Why Isn’t The Greatest Short Ever Made Available On DVD?
Last week, I made a big joke about the problems that would befall anyone called John Smith trying to get their blog read – listing various famous John Smiths (the beer, the politician, Doctor Who) would already had dibs on the name.
I’d forgotten that there’s actually a film director named John Smith…and that, in 1987, he directed my favourite ever short film. It’s called The Black Tower, and it is inexplicably unavailable on DVD. As far as I know, the nearest it ever had to a mainstream release was as part of a Smith collection on VHS, but it cost something crazy like £40 so I don’t actually own a copy.
It’s not even on YouTube. Can you imagine? [UPDATE: As of August 2015, it is on Vimeo! See comments for the link.]
The problem is that Smith isn’t really considered a filmmaker in the same way as Steven Spielberg. Rather, he is renowned in avant-garde circles for his video installations. So he’s one of that lot, huh? Well, no… Smith’s films are primarily conceptual in design, but in The Black Tower the ideas are cloaked by a fiendish, hilarious and sinister narrative more gripping than most Hollywood high-concept pitches.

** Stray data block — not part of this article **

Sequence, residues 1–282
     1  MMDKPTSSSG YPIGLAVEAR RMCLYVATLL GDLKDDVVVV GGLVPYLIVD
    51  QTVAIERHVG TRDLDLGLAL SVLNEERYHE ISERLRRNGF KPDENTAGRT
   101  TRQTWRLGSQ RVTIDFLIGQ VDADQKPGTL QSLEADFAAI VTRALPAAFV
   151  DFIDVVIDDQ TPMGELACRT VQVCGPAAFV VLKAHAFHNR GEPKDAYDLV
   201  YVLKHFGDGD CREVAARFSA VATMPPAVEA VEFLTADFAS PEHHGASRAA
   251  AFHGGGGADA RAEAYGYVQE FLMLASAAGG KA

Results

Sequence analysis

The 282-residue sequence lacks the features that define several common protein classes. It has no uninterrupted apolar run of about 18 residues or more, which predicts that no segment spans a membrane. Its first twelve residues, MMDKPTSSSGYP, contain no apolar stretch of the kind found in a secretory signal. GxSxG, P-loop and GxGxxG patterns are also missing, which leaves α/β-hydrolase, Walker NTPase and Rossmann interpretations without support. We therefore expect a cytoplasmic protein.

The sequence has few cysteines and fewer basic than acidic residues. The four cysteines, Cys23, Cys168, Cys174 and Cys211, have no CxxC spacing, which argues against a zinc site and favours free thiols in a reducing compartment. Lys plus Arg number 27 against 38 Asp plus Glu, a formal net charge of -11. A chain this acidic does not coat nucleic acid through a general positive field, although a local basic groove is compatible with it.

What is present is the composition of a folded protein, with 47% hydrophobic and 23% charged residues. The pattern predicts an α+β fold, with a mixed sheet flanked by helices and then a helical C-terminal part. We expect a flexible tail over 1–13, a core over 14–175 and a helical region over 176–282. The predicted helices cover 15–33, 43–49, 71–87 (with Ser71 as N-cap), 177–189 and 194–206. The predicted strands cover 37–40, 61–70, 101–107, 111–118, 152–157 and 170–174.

It’s the story of an unnamed narrator who spots a black tower on the horizon. But the bloody thing won’t go away. It’s there everywhere he looks. The guy simply can’t escape from the disconcerting, monolithic presence of this tall slab of black.
The film maintains its funny/creepy poise over 20 minutes, all the more remarkable because it consists entirely of still photos edited together, with the black tower cunningly inserted into the frames.
I only saw it because a friend (who’s something of a connosieur of short films) was asked to put together a screening of shorts from the archive at the then-National Film Theatre a decade ago. The Black Tower was the inevitable ‘hook’ to kick off the night, and I’ve wanted to see it again ever since.
But it’s difficult. You have to look really hard to find it (which is ironic, considering the plot of the film). Invariably, it’s only shown at exhibitions of Smith’s work, in art galleries. According to Smith’s website, it’s played only eight times worldwide in the past few years.
But it’s too good not to be more widely seen. It’s easily my favourite short movie, beating off stiff competition from The Wrong Trousers (you could learn everything you need to know about visual storytelling from Nick Park films) and Buster Keaton’s sublime One Week (which, by coincidence, fellow silent comedy nut The Incredible Suit posted onto his website last week).
So the campaign starts here to get The Black Tower released commercially or, at least, get it on YouTube. It’s one of the cleverest, weirdest, most compelling films you’ll ever see, and you’ll be glad you did.